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Why Black Health is Wealth: Financial Experts Talk Black Retirement

By Megan Kirk

The ever-growing racial wealth gap leaves little room for savings. As African Americans earn roughly 30 percent less than their white counterparts, putting away money for a rainy day can prove to be difficult. As African Americans age, financial stability becomes a major concern. Planning for the golden years is essential to survival of older generations, yet African Americans are falling behind.

According to a 2021 study from Investopedia, more than half of African American households have no retirement savings at all. On average, white Americans ages 25 to 61, on average, have retirement savings of close to $80,000. African Americans in the same age group have saved just $29,000. This disparity helps to further expand the gap in wealth for African Americans.

“In most states, you must be 18-years-old or older to open a brokerage account. According to a Morning Consult report, 39 percent of adults started saving for retirement in their 20s. Experts suggest to start saving for retirement when you begin working. If you save $4,500 per year over 45 years, you could have more than $1 million by the time you retire,” said Omari Hall, Learning Experience Designer, GreenPath Financial Wellness.

Financial advisors are encouraging African Americans to begin saving for their retirement. Though most employers come equipped with a 401K, there are other sources for financial investment that may yield a greater amount.

“An individual retirement account (IRA) is an investment account commonly used by individuals to save for retirement. Traditional IRA contributions may be tax-deductible depending on your income, tax filing status and coverage by an employer-sponsored retirement plan,” said Hall. “Roth IRA contributions, however, are not tax-deductible. Earnings grow tax-deferred and withdrawals can be made tax-free. Those who have assets in an old employer-sponsored retirement plan often move them into a Rollover IRA, where you can keep the tax benefits and choose how your money is invested.”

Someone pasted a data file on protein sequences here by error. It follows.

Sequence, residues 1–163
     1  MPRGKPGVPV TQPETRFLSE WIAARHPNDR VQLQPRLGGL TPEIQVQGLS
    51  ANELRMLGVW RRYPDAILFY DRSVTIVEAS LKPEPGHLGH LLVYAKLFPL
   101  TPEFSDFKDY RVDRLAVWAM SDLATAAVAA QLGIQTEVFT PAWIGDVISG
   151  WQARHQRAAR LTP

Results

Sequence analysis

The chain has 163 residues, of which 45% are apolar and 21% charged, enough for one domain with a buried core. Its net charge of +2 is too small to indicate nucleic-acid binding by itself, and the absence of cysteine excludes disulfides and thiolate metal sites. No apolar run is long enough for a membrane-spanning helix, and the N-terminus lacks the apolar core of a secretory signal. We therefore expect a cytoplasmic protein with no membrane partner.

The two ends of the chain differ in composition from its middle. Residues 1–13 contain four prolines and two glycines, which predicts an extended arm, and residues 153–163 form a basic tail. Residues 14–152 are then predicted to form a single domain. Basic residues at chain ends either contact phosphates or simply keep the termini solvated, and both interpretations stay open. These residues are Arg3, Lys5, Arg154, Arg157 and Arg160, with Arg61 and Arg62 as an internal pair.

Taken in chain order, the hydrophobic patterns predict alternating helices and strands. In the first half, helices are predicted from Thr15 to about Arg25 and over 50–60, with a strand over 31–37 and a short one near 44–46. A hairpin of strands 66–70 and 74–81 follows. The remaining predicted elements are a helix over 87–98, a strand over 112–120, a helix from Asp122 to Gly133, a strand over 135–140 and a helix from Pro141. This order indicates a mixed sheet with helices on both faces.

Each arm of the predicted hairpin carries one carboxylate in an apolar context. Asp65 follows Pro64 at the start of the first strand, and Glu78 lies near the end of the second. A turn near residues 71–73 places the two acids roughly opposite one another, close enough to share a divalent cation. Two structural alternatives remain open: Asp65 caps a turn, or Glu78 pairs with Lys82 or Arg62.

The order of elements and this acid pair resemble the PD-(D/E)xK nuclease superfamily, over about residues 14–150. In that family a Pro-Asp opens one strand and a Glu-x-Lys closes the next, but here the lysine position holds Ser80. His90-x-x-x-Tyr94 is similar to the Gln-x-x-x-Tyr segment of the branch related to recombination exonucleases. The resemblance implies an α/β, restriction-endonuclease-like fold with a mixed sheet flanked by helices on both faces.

For employers who offer money-matching options for 401k plans, employees are encouraged to continue to contribute to the account allowing their employee to meet their contributions dollar-for-dollar.

“Contributions and earnings to an employer-sponsored contribution plan such as a 401(k) or 403(b) for employees of non-profit, tax-exempt organizations are tax-deferred. Employers often provide matching contributions to your 401(k) account that help you build up a nest egg faster. Retirement plans such as SEP, SIMPLE and Payroll Deduction IRAs are for individuals or small business owners,” said Hall.

The pandemic has made it more difficult for Black families to save money. Causing spikes in inflation and shifts in the stock market, COVID-19 has put the nation in a financial bind. Black families are continuing to bear the brunt of the financial impact.

“GreenPath encourages households to start building their savings ’muscle.’ Make savings a common culture within the household. Automatically set funds aside from your paycheck or allowance, or have funds direct deposited into an interest-earning savings account,” said Hall. “Consider adding any bonus income or tax refunds to your savings or retirement account after all other priority bills are met. An emergency fund provides you a buffer to help with unexpected expenses and could be directed towards college savings or a retirement plan.”

The Retirement Savings Contributions Credit presented by the IRS can help workers across the country create an easier way to save for life after retirement, however it’s an unknown asset to many, including Black communities. The Saver’s Credit is available for anyone 18 years and older who has contributed to an employer-provided retirement plan, either a Roth or traditional IRA account or an ABLE account. The non-refundable tax credit can be applied to the first $2,000 of voluntary contributions to retirement accounts. Under the credit, it cannot exceed a person’s federal income tax for the year.

“Saving for retirement can be difficult in the best of times, but even harder for many during the pandemic and challenging economy,” said Catherine Collinson, CEO and president of Transamerica Institute and Transamerica Center for Retirement Studies, in a press release. “The Saver’s Credit may help make it easier for people to save because it lowers their federal income tax.”

Black communities are urged to start saving early and prioritize their savings. Estate planning is also highly recommended including wills, powers of attorney and any investment portfolios to ensure wealth is passed on from generation to generation.

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